The Reminder, Feist’s last album, blew the fuck up because it had a few good singles with great videos, because it showed up prominently in some commercials, and because it generally sounded just about perfect as a low-volume dinner-party soundtrack. That reads as extremely faint praise, but it’s not; The Reminder was a perfectly charming low-key record that served a definite utilitarian purpose, and we need records like that. But it’s still a bit of a surprise when Metals opens with “The Bad In Each Other,” a pulsing, mythic post-blues lope that sounds something like Feist’s take on Led Zeppelin III. The song isn’t a radical departure; it’s as pretty and restrained as anything on The Reminder. But it’s also tougher and more intense than anything on that album. It’s an enormously promising opening track, and it suggests that Feist has gained a ferocious level of swagger since finding indie-level stardom.

The track turns out to be something of a fake-out. Other songs, like “A Commotion,” might bring the loudness, but “The Bad In Each Other” is by far the album’s best song, and nothing else (except maybe “Cicadas And Gulls”) really comes close to its toothy power. Almost every track on Metals could fit comfortably onto The Reminder. And though there’s no single track as winsomely catchy as “1234,” it’s easy to forecast the album achieving the same backgrounded cultural omnipresence. It has the same prettily sensitive lilt to it, and it’ll work just as well when I’m washing dishes at night or putting my toddler to bed.

But Metals still represents a step beyond The Reminder just because it’s a more confident, less self-consciously adorable piece of work. For one thing, I’m pretty sure it’s Feist’s first album with no cover songs. And for another, it’s a more grounded, sonically stark record than any of her previous efforts. Her voice is slighter and more approachable, but the album still has accents of Fiona Apple’s lush-pop panache. And it’s hard to imagine the Feist of a few years ago pulling off a moment like the choral climax of “Graveyard.” Metals may feature hushed harmonies and songs about birds, but there’s nothing nose-wrinkle cute about it. The record remains fully serious all the way through, and that’s probably what it needed to do.

I’m not expecting Metals to carve out a new audience for Feist or to dominate year-end lists. The same people who liked The Reminder will probably like this one. Except this time, maybe they’ll be a little less reflexively embarrassed about it.

Metals is out 10/4 via Cherrytree/Interscope. Stream it below:

Comments (57)
  1. Please watch your foul language in the first line. There are moms out there reading this post.

    • Are you reading it to your children?

      • Hidden due to low comment rating. Click here to see

        • Hidden due to low comment rating. Click here to see

          • Why, because of a joke about how moms love listening to Feist (which is true, considering she appeared on the Today show, The View, Ellen) and a host of other mom-demographic daytime television shows to support The Reminder, and apparently I had to politely point out the use of sarcasm to someone who clearly did understand that. Give me a break…

          • *did not understand that

          • Actually, forget it. I would like to announce my official retirement as a regular contributing commenter here on Stereogum. I believe that even in my attempts to contribute discussion of value to this site, it’s impossible given the culture of disrespect others subscribe to. There will be no reemergence under a different name or a return to that of a former state. Thanks for reading and you may now continue to downvote.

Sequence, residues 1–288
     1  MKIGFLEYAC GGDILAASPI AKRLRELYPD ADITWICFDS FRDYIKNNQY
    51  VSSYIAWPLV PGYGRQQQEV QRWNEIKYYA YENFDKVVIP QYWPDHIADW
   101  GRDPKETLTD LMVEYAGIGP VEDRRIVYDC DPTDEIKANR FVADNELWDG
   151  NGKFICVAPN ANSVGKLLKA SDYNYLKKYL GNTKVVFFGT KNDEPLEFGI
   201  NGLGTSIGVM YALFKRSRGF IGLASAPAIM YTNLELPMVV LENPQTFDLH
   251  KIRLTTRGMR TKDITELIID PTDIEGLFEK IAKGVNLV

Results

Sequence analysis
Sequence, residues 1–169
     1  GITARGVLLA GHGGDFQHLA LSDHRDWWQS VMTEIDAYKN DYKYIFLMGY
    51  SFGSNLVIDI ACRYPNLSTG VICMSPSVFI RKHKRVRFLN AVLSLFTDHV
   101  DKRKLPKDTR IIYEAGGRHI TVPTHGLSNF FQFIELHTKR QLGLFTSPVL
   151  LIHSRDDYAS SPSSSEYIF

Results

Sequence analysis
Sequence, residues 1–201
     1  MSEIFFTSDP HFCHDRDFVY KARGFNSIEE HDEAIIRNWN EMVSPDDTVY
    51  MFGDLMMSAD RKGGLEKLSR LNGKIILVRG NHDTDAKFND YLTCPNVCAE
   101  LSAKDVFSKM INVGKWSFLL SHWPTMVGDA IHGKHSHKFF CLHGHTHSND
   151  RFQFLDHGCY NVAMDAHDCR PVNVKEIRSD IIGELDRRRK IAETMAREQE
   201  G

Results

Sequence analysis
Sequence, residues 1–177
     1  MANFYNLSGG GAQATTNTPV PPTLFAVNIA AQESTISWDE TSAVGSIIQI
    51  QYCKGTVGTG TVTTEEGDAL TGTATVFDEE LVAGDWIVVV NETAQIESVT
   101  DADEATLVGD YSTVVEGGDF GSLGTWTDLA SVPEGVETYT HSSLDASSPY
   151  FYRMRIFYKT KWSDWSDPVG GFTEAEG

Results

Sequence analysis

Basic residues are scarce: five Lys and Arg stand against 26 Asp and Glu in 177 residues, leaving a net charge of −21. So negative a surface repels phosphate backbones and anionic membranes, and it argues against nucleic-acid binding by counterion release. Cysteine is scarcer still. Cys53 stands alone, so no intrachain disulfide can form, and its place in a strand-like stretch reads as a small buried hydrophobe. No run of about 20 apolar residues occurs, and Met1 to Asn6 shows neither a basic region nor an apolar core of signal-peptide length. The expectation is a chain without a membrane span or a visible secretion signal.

• Yeah that culture of disrespect is a big problem. Always hearing people say things like “Only when it’s on while your mother is on my dick.” or “This bitch gets way too much press for someone who has one Pitchfork-approved single.” Thank you Michael_ for delivering us from such inane commentary and guiding the site in such a positive direction. Your sacrifice in the comment above mine will not go unnoticed. May your martyrdom free us all from a comment section polluted with trolling and insults.

          • This said from the person who posts links to what appeared to be graphic pornographic material on the comment section. You’re disgusting and from the looks of your past commentary, you should be banned.

          • Go ahead, Michael_, they want you to want them hate you. You know what to do…

          • Michael_  |   Posted on Sep 27th, 2011 0

            No! Be away, you devil!

          • Oh come on, a little harmless trolling never hurt any one…

          • Michael_  |   Posted on Sep 27th, 2011 0

            I said stop it! I am not the same as you!!

          • We have more in common than you like to think, Michael_. You need me. I AM you.

          • Michael_  |   Posted on Sep 27th, 2011 -2

            I WILL NEVER BE YOU!

            *bashes head into wall in the style of Leland Palmer to exorcise the demon of Killer Bob from his body*

          • Downvote for the Twin Peaks spoiler, sheeeeeesh

          • I for one welcomed the pornographic material.

            Damn I missed a good week of commenting here.

        • Hey, I really do learn something new everyday!


      • I do actually spend surprising amounts of time reading music reviews to my kids. Never know when they’ll need to tell the difference between a “sprawling” album and an “anthemic” one.

      • Michael_  |   Posted on Sep 28th, 2011 +1

        Hmm… I’m pretty sure Jon Wilson’s comment wasn’t the one that warranted the above definition response. I can’t remember who or what exactly that comment was but I do remember it lacked the equally sarcastic depth of Mr. Wilson’s.

    • HA, I love this psychodrama!

  2. I see that even Leslie has jumped on the “planking” bandwagon.

  3. So this isn’t so much an evaluation of Metals as much as it is a projection of your “reflexive embarrassment” about liking a commercially successful record like The Reminder? silly me, i expected this “review” to focus on the music, not your pedantic and self-conscious impressions of what it means to listen to Feist.

    • I suppose the assumption is that when reviewing, you talk about the music, which they clearly did; in part, by comparing to The Reminder, as it would seem is easy to do when you read the following sentence from this review, “Almost every track on Metals could fit comfortably onto The Reminder.” What else is there to know if you’ve heard The Reminder?